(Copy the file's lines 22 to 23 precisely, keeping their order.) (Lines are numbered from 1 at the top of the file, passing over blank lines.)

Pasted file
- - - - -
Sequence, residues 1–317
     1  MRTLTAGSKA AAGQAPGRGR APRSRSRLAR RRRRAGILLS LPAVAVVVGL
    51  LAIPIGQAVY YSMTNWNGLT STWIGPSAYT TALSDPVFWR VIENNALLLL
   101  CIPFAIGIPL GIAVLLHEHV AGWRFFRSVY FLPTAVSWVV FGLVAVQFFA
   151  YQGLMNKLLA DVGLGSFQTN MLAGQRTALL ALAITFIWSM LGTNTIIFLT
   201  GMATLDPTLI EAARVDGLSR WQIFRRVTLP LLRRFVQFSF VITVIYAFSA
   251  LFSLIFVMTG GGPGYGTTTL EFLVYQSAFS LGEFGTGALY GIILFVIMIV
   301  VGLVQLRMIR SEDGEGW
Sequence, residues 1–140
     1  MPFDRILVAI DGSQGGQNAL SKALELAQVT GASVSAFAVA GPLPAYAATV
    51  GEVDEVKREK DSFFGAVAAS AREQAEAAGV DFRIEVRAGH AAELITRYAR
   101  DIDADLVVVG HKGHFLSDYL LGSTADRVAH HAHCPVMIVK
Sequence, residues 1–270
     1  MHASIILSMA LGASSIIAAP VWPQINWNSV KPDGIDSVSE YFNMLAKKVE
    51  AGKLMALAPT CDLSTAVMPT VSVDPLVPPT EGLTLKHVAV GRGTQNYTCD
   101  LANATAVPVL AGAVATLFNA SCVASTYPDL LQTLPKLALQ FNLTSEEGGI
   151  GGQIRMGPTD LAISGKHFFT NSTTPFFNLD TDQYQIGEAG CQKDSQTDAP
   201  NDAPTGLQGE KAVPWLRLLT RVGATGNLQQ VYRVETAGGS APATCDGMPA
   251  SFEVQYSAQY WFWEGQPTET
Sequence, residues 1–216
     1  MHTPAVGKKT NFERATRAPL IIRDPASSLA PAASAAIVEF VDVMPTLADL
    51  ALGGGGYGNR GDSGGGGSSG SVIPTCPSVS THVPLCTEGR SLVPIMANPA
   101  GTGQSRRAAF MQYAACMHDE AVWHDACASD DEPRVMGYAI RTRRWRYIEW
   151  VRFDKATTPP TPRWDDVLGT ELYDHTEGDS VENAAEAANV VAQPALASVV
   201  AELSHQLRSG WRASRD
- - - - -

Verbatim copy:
    51  ALGGGGYGNR GDSGGGGSSG SVIPTCPSVS THVPLCTEGR SLVPIMANPA
   101  GTGQSRRAAF MQYAACMHDE AVWHDACASD DEPRVMGYAI RTRRWRYIEW